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Jewish World Review August 30, 2004 / 13 Elul, 5764

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All hat and no Cambodia | The Swiftvets controversy continues to rumble and roil for the simple reason that Sen. John Kerry and his campaign have committed the cardinal sin of muddling the matter. Consider a longstanding Kerry claim – that he spent Christmas, 1968, in Cambodia.

Over the years, the candidate and his campaign have produced at least eight versions of the story.

• The first appeared in 1979 when the future senator provided a somewhat surreal account in a letter to the Boston Herald (see text below). Likening the trip to a scene out of Apocalypse Now, Kerry described sitting on his boat as Vietnamese celebrants detonated fireworks, forcing him and his comrades to scramble for safety. He also described very precise coordinates – five miles into Cambodian territory.

• By 1986, the story had taken on a less jocular and more ominous feel: The young Swift Boat leader had to dodge not only fireworks, but also hostile fire from Cambodian and Khmer Rouge fighters. The placid, mildly comic first version had given way to something more colorful and deadly. “I remember Christmas of 1968 sitting on a gunboat in Cambodia. I remember what it was like to be shot at by Vietnamese and Khmer Rouge and Cambodians, and have the President of the United States telling the American people that I was not there; the troops were not in Cambodia. I have that memory which is seared – seared – in me.”

• Young John Kerry, like many fighters, kept a diary of his experience at war. He let historian Douglas Brinkley see portions of the journal for use in Brinkley’s book, Tour of Duty: John Kerry and the Vietnam War, which turned into yet another account. This time Kerry describes Christmas eve spent aboard a boat 55 miles from Cambodia, reading and writing a letter to his mother and father.

• When confronted with that version, Kerry staffers hemmed a bit before asserting that their man could have, might have, could plausibly have made his way on Christmas into Cambodia.

• After sympathetic crew members confessed not only to having no experience in Cambodia but to having spent that Christmas with Lt. Kerry, the Kerry campaign suggested that the senator could have confused details (despite the “seared … seared” recollection in 1986), merely going “near” Cambodia at Christmas and moving over the border into Cambodia at some later juncture.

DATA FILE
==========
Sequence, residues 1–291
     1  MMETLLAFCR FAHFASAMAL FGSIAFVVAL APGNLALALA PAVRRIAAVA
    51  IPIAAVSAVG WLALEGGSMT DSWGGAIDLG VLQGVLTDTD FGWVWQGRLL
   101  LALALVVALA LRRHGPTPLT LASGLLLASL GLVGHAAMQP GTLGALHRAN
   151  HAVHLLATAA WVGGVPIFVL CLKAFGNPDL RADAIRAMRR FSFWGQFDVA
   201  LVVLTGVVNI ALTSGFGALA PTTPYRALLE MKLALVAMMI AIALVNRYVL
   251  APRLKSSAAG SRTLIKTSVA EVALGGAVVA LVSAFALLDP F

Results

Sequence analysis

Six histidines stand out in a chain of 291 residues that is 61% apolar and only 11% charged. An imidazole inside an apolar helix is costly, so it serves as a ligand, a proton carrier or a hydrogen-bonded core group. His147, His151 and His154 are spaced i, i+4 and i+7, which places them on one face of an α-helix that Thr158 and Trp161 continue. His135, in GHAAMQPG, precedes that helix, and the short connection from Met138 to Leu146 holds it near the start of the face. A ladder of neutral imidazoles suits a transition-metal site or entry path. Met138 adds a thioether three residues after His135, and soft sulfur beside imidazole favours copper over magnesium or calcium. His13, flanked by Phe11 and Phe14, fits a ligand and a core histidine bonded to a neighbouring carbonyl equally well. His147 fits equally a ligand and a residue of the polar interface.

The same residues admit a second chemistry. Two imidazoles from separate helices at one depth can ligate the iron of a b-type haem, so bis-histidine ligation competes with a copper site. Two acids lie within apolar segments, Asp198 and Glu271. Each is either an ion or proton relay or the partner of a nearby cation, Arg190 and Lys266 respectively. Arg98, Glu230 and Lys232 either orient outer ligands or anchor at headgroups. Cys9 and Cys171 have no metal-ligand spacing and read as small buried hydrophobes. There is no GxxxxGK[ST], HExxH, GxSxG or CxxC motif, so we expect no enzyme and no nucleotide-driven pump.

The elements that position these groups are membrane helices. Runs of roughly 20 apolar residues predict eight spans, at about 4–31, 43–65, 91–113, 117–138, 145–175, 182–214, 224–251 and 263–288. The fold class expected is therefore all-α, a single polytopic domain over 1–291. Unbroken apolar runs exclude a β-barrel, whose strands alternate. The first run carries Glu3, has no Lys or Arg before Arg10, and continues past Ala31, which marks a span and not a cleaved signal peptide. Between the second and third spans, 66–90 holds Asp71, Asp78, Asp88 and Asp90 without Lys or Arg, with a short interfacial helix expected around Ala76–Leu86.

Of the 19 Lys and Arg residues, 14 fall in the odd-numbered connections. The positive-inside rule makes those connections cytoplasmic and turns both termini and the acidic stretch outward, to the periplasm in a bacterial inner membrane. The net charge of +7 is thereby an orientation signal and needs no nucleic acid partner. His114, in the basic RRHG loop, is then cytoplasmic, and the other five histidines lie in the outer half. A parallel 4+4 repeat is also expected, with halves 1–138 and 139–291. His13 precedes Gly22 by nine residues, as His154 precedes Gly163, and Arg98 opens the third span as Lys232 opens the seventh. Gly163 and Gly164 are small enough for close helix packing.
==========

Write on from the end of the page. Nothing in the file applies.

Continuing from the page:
• A slightly different and geographically amusing account came from a staffer who suggested that Kerry had traveled “between” the Cambodian and Vietnamese border. As Joshua Muravchik noted in a devastating Washington Post op-ed piece, “There is no between; there is a border.”

• That produced a more concrete account: Kerry, the campaign said, actually traveled three or four times in January and February of 1969 to Cambodia. Historian Douglas Brinkley offered this account, only to find himself grasping at straws when Team Kerry produced account number 7.

• An official statement from the Kerry campaign announced that the Democratic presidential nominee “on one occasion crossed into Cambodia.” Gone is the Christmas date; gone are the recollections of hostile fire from three sides. In its place is a gauzy nothing.

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• Yet, Brinkley himself offers a final bit of refutation in the form of Kerry’s Vietnam diary. Here is the relevant portion: “The banks of the [Rach Giant Thanh River] whistled by as we churned out mile after mile at full speed. On my left were occasional open fields that allowed us a clear view into Cambodia. At some points, the border was only fifty yards away and it then would meander out to several hundred or even as much as a thousand yards away, always making one wonder what lay on the other side.” As Muravchik notes, “His curiosity was never satisfied, because this entry was from Kerry’s final mission.”

There may be other versions, but this is enough to make the point: John Kerry long ago made up a story about Cambodia at Christmas, and the tale became more implausible with each new embellishment. Nobody much cared about inconsistencies when he was running for smaller offices, but the magnifying glass becomes far more discerning and powerful for people seeking the presidency. Now, the campaign offers only a foggy memory – and Kerry, a hat, which he says the anonymous CIA operative handed him.

This does not rule out the possibility that young John Kerry conveyed a covert agent across the Cambodian border – but infinitely variable accounts of the trip make even his supporters queasy, and make it much more difficult to dismiss the Swifties as a bunch of malevolent liars.

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